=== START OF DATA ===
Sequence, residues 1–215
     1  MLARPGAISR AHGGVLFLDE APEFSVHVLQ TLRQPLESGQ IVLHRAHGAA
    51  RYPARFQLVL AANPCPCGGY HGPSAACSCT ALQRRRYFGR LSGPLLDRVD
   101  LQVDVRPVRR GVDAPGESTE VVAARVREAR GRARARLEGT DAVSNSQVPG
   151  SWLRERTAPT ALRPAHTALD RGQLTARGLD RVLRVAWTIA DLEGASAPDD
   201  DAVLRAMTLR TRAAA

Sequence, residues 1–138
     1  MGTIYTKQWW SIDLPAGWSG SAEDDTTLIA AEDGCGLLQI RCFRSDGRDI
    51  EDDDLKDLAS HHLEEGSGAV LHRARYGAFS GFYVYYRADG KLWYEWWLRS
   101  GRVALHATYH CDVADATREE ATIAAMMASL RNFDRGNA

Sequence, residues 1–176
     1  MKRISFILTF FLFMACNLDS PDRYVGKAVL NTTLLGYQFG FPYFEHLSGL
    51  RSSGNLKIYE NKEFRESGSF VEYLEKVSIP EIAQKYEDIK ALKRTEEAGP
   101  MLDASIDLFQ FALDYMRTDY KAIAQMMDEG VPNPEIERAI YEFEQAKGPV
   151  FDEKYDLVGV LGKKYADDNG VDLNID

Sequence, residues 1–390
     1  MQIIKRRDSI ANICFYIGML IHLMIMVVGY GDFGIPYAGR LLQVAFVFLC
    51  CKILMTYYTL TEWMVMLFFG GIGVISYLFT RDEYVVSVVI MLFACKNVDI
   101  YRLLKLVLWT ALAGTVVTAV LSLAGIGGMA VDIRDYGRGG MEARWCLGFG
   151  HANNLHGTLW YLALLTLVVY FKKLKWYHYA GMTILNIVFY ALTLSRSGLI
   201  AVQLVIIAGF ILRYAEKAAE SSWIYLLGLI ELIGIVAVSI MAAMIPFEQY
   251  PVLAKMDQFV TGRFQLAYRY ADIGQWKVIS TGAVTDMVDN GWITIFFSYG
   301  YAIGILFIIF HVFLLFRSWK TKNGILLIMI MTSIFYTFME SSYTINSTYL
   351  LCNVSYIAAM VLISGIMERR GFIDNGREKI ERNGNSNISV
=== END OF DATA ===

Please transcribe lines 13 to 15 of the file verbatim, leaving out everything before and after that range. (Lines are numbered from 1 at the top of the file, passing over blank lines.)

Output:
    51  RSSGNLKIYE NKEFRESGSF VEYLEKVSIP EIAQKYEDIK ALKRTEEAGP
   101  MLDASIDLFQ FALDYMRTDY KAIAQMMDEG VPNPEIERAI YEFEQAKGPV
   151  FDEKYDLVGV LGKKYADDNG VDLNID